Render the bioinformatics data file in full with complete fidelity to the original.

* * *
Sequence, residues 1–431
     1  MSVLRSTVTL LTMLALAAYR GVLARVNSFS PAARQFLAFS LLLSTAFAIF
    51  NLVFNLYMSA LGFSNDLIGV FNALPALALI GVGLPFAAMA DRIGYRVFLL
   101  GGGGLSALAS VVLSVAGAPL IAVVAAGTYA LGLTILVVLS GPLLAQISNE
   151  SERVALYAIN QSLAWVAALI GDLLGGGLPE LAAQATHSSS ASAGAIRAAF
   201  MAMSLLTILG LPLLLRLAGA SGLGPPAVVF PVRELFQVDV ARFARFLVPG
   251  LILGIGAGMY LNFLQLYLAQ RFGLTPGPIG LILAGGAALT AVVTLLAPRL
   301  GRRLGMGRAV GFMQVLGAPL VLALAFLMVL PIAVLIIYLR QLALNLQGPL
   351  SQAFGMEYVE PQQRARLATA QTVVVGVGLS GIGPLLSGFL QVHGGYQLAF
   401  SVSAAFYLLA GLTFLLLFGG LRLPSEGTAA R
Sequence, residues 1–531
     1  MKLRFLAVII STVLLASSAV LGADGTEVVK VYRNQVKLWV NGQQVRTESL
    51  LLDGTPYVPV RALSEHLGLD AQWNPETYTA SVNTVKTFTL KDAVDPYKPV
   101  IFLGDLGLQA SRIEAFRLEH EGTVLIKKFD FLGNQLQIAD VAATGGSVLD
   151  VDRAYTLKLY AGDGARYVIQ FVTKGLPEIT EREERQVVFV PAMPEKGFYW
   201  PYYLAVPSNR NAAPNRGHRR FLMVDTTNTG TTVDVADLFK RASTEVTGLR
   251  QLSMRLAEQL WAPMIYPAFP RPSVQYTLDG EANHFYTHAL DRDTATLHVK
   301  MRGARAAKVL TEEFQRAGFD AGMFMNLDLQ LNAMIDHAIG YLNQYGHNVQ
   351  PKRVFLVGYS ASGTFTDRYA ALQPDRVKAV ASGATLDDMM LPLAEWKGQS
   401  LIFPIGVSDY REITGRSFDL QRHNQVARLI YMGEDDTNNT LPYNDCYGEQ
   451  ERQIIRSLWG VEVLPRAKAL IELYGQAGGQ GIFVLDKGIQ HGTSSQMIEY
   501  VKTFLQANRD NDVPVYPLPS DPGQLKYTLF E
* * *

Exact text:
Sequence, residues 1–431
     1  MSVLRSTVTL LTMLALAAYR GVLARVNSFS PAARQFLAFS LLLSTAFAIF
    51  NLVFNLYMSA LGFSNDLIGV FNALPALALI GVGLPFAAMA DRIGYRVFLL
   101  GGGGLSALAS VVLSVAGAPL IAVVAAGTYA LGLTILVVLS GPLLAQISNE
   151  SERVALYAIN QSLAWVAALI GDLLGGGLPE LAAQATHSSS ASAGAIRAAF
   201  MAMSLLTILG LPLLLRLAGA SGLGPPAVVF PVRELFQVDV ARFARFLVPG
   251  LILGIGAGMY LNFLQLYLAQ RFGLTPGPIG LILAGGAALT AVVTLLAPRL
   301  GRRLGMGRAV GFMQVLGAPL VLALAFLMVL PIAVLIIYLR QLALNLQGPL
   351  SQAFGMEYVE PQQRARLATA QTVVVGVGLS GIGPLLSGFL QVHGGYQLAF
   401  SVSAAFYLLA GLTFLLLFGG LRLPSEGTAA R
Sequence, residues 1–531
     1  MKLRFLAVII STVLLASSAV LGADGTEVVK VYRNQVKLWV NGQQVRTESL
    51  LLDGTPYVPV RALSEHLGLD AQWNPETYTA SVNTVKTFTL KDAVDPYKPV
   101  IFLGDLGLQA SRIEAFRLEH EGTVLIKKFD FLGNQLQIAD VAATGGSVLD
   151  VDRAYTLKLY AGDGARYVIQ FVTKGLPEIT EREERQVVFV PAMPEKGFYW
   201  PYYLAVPSNR NAAPNRGHRR FLMVDTTNTG TTVDVADLFK RASTEVTGLR
   251  QLSMRLAEQL WAPMIYPAFP RPSVQYTLDG EANHFYTHAL DRDTATLHVK
   301  MRGARAAKVL TEEFQRAGFD AGMFMNLDLQ LNAMIDHAIG YLNQYGHNVQ
   351  PKRVFLVGYS ASGTFTDRYA ALQPDRVKAV ASGATLDDMM LPLAEWKGQS
   401  LIFPIGVSDY REITGRSFDL QRHNQVARLI YMGEDDTNNT LPYNDCYGEQ
   451  ERQIIRSLWG VEVLPRAKAL IELYGQAGGQ GIFVLDKGIQ HGTSSQMIEY
   501  VKTFLQANRD NDVPVYPLPS DPGQLKYTLF E